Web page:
Improvement of antibiotic therapy and ICU survival in severe non-pneumococcal community-acquired pneumonia: A matched case-control study

Simone Gattarello, Leonel Lagunes, Loreto Vidaur, Jordi Solé-Violán, Rafael Zaragoza, Jordi Vallés, Antoni Torres, Rafael Sierra, Rosa Sebastian, Jordi Rello

Research output: Contribution to journalArticleResearchpeer-review

36 Citations (Scopus)


© 2015 Gattarello et al. Introduction: We aimed to compare intensive care unit mortality due to non-pneumococcal severe community-acquired pneumonia between the periods 2000-2002 and 2008-2014, and the impact of the improvement in antibiotic strategies on outcomes. Methods: This was a matched case-control study enrolling 144 patients with non-pneumococcal severe pneumonia: 72 patients from the 2000-2002 database (CAPUCI I group) were paired with 72 from the 2008-2014 period (CAPUCI II group), matched by the following variables: microorganism, shock at admission, invasive mechanical ventilation, immunocompromise, chronic obstructive pulmonary disease, and age over 65 years. Results: The most frequent microorganism was methicillin-susceptible Staphylococcus aureus (22.1 %) followed by Legionella pneumophila and Haemophilus influenzae (each 20.7 %); prevalence of shock was 59.7 %, while 73.6 % of patients needed invasive mechanical ventilation. Intensive care unit mortality was significantly lower in the CAPUCI II group (34.7 % versus 16.7 %; odds ratio (OR) 0.78, 95 % confidence interval (CI) 0.64-0.95; p = 0.02). Appropriate therapy according to microorganism was 91.5 % in CAPUCI I and 92.7 % in CAPUCI II, while combined therapy and early antibiotic treatment were significantly higher in CAPUCI II (76.4 versus 90.3 % and 37.5 versus 63.9 %; p < 0.05). In the multivariate analysis, combined antibiotic therapy (OR 0.23, 95 % CI 0.07-0.74) and early antibiotic treatment (OR 0.07, 95 % CI 0.02-0.22) were independently associated with decreased intensive care unit mortality. Conclusions: In non-pneumococcal severe community-acquired pneumonia , early antibiotic administration and use of combined antibiotic therapy were both associated with increased intensive care unit survival during the study period.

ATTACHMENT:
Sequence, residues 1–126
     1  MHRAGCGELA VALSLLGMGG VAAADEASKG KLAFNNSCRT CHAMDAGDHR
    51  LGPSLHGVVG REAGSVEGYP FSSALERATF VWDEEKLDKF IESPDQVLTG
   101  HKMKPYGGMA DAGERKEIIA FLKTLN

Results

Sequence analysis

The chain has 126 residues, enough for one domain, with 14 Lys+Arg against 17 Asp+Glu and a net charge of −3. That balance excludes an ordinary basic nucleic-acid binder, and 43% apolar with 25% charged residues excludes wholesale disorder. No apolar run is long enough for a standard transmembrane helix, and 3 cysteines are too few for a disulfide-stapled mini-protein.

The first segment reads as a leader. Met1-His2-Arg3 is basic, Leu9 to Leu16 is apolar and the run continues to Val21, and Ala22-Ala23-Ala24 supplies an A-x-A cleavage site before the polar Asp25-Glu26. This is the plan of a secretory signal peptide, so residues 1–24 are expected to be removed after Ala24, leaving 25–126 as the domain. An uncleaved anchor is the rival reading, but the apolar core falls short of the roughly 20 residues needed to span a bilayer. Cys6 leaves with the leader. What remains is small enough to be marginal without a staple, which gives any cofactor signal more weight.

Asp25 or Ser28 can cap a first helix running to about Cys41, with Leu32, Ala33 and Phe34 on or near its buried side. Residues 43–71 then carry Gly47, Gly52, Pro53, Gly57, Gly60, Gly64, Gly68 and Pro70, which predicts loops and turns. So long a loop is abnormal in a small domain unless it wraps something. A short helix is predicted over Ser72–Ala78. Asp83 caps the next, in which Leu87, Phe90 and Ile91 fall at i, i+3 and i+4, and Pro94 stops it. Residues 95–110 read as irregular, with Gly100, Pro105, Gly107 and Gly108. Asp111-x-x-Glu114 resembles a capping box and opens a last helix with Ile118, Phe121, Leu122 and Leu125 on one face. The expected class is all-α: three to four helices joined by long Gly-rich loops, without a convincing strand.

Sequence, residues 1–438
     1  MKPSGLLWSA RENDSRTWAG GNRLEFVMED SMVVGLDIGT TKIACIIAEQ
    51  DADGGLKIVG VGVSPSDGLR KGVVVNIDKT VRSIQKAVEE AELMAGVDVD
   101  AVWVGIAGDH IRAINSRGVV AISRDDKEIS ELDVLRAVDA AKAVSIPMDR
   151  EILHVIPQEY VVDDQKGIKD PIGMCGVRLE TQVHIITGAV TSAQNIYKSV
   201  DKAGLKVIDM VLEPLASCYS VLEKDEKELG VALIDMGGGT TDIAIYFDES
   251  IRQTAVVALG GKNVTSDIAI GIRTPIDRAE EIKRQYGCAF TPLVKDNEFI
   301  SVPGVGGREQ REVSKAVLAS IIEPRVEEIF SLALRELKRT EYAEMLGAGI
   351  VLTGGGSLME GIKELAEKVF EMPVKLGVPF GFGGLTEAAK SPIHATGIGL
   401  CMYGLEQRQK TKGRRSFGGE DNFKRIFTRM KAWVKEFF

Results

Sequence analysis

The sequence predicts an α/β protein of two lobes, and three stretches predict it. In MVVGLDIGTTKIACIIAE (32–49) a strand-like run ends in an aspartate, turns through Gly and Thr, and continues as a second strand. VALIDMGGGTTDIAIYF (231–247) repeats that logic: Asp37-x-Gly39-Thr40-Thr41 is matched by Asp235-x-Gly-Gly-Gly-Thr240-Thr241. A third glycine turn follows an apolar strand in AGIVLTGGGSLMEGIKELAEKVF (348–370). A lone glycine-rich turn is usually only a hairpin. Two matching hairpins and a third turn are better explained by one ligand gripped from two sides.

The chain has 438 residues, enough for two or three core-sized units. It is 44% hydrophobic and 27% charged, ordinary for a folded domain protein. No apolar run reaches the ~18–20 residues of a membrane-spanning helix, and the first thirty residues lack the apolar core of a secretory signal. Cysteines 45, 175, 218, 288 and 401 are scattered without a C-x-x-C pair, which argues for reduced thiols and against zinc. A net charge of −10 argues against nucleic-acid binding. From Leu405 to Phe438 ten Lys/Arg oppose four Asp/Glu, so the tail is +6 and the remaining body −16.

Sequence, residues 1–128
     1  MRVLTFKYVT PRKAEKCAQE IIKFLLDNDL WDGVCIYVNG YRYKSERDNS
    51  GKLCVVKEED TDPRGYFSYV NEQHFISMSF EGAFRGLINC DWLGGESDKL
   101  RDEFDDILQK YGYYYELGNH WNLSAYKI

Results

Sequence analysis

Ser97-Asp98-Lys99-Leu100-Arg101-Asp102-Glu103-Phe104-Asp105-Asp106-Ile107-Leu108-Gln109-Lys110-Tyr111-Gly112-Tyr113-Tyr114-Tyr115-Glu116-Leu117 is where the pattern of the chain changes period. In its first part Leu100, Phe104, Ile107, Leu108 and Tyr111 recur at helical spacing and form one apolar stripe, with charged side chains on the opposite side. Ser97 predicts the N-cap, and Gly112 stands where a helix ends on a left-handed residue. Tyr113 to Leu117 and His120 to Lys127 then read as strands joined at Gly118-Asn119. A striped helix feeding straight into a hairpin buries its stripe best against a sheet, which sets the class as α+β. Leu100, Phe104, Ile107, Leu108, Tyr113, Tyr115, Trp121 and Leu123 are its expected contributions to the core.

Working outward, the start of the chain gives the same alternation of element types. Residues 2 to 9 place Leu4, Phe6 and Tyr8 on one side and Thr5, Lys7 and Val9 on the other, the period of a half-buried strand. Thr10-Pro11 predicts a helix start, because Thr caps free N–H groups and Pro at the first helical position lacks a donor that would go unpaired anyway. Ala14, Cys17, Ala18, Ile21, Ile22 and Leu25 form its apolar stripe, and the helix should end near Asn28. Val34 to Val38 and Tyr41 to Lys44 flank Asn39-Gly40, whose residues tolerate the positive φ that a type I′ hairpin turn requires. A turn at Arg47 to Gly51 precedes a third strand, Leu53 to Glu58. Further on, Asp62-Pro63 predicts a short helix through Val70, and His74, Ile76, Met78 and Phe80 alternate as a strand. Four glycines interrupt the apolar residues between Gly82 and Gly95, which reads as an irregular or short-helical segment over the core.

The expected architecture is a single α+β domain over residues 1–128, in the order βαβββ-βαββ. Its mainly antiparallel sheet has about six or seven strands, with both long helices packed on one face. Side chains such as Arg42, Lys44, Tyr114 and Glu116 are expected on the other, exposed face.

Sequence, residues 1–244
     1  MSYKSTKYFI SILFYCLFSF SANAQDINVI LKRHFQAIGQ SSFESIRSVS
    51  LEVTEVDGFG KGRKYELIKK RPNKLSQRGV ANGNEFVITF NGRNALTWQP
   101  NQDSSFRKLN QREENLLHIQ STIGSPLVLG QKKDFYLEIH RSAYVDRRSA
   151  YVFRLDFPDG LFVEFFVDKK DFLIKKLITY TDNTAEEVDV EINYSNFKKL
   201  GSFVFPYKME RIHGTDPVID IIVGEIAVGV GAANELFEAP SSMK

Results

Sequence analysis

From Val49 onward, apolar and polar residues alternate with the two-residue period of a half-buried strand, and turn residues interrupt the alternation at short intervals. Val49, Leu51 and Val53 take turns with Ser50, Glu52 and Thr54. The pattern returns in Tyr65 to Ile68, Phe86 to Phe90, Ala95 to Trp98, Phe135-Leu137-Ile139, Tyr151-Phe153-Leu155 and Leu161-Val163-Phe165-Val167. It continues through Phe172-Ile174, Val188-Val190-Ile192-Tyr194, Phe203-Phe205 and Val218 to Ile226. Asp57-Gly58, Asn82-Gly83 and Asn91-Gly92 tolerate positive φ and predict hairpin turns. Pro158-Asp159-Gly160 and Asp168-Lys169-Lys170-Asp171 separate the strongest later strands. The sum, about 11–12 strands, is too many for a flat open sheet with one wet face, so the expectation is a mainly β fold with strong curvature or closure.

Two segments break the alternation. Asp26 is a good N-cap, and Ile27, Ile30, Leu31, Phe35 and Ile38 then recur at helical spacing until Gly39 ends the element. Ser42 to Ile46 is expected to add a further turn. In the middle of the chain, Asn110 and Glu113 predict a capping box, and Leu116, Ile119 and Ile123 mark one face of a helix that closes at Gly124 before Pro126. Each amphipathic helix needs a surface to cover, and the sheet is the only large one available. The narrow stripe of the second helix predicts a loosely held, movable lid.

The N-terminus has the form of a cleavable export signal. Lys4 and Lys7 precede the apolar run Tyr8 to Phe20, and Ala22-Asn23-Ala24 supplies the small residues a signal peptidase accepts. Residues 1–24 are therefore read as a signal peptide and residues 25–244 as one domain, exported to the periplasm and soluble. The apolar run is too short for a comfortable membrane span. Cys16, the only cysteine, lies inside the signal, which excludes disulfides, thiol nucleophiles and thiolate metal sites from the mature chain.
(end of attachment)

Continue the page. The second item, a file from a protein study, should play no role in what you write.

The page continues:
Original languageEnglish
Article number335
JournalCritical Care
Issue number1
Publication statusPublished - 10 Sept 2015


Dive into the research topics of 'Improvement of antibiotic therapy and ICU survival in severe non-pneumococcal community-acquired pneumonia: A matched case-control study'. Together they form a unique fingerprint.

Cite this